Egypt to Pay $500 Million Fine for Breaking Gas Deal with Israel
Pictured Above: Workers on the Israeli Tamar gas-processing rig some 15 miles off the Israeli southern coast of Ashkelon. Noble Energy and Delek are the main partners in the gas field. June 23, 2014. Photo by Moshe Shai/Flash90.
(JNS) Egypt reached a settlement with Israel on Sunday to pay the Israel Electric Corporation $500 million over the next eight-and-a-half years after breaking an agreement to deliver natural gas to the Jewish state in 2012.
The gas supply deal was announced under Egyptian President Hosni Mubarak in 2005, and the opening of the pipeline between the countries took place in 2008, but was unpopular with the Egyptian public.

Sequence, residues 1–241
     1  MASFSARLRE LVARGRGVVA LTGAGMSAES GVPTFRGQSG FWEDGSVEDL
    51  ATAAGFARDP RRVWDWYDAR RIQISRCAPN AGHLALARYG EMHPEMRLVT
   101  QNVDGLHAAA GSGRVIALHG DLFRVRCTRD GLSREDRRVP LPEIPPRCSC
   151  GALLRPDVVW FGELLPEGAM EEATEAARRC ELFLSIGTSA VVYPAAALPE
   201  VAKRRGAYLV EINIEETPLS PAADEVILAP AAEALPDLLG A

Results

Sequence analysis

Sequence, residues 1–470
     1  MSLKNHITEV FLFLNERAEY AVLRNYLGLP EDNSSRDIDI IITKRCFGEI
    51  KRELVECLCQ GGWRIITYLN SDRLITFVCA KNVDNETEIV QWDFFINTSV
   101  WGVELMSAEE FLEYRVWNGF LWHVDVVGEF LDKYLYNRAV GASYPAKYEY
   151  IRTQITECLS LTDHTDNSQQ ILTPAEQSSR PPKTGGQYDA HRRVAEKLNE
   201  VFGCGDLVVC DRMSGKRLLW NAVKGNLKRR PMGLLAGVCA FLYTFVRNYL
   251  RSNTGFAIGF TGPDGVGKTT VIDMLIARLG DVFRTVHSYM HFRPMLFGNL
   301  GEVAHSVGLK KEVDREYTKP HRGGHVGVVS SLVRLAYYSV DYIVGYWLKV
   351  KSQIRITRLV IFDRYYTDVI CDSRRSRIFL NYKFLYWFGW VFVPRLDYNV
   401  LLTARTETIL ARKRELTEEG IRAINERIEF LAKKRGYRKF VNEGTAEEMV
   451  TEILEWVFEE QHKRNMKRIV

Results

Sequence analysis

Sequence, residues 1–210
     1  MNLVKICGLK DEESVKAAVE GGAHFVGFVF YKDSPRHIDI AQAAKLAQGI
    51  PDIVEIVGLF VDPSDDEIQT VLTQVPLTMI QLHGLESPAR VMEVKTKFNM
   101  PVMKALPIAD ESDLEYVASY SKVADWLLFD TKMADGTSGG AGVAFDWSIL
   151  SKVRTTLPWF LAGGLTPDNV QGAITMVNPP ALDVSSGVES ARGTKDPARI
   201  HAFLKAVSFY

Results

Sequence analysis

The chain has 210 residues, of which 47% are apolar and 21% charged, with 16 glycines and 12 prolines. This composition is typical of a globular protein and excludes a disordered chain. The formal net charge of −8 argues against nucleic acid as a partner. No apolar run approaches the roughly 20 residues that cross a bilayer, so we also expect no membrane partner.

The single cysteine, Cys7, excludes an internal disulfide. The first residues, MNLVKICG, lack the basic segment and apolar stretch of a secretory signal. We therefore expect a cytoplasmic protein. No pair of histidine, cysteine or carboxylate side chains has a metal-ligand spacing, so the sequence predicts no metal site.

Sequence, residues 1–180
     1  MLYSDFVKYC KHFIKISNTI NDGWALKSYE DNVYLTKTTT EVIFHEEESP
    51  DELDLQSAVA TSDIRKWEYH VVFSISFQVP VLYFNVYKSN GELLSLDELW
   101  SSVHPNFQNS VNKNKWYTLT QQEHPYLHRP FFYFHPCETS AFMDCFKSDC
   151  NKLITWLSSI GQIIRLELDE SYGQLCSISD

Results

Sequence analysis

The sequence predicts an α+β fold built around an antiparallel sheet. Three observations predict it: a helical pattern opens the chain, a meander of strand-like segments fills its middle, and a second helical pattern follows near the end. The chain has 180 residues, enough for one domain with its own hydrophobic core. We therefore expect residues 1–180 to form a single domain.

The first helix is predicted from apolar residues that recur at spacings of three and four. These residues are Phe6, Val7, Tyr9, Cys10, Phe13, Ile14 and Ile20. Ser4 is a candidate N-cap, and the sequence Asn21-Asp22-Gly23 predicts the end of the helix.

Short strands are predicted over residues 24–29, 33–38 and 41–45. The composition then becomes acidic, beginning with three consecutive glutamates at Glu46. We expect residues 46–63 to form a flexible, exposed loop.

Moreover, the gas line became a target for terrorists, being blown up three times in 2011—the same year of the Arab Spring and the year that Mubarak was deposed. The delivery process subsequently broke down.
According to Egypt’s Petroleum Ministry, the $500 million fine is down from an original $1.7 billion. In return, the Israeli corporation will drop its other claims from a 2015 arbitration decision by the International Chamber of Commerce.
Last year, U.S.-Israeli gas consortium Noble Energy, together with its Israeli partner Delek and Egyptian East Gas Company, announced a $15 billion deal in which Israel will export natural gas it discovered off its coast in the Tamar and Leviathan deep-water reservoirs to Egypt.
This marks the first time Egypt has imported gas from Israel.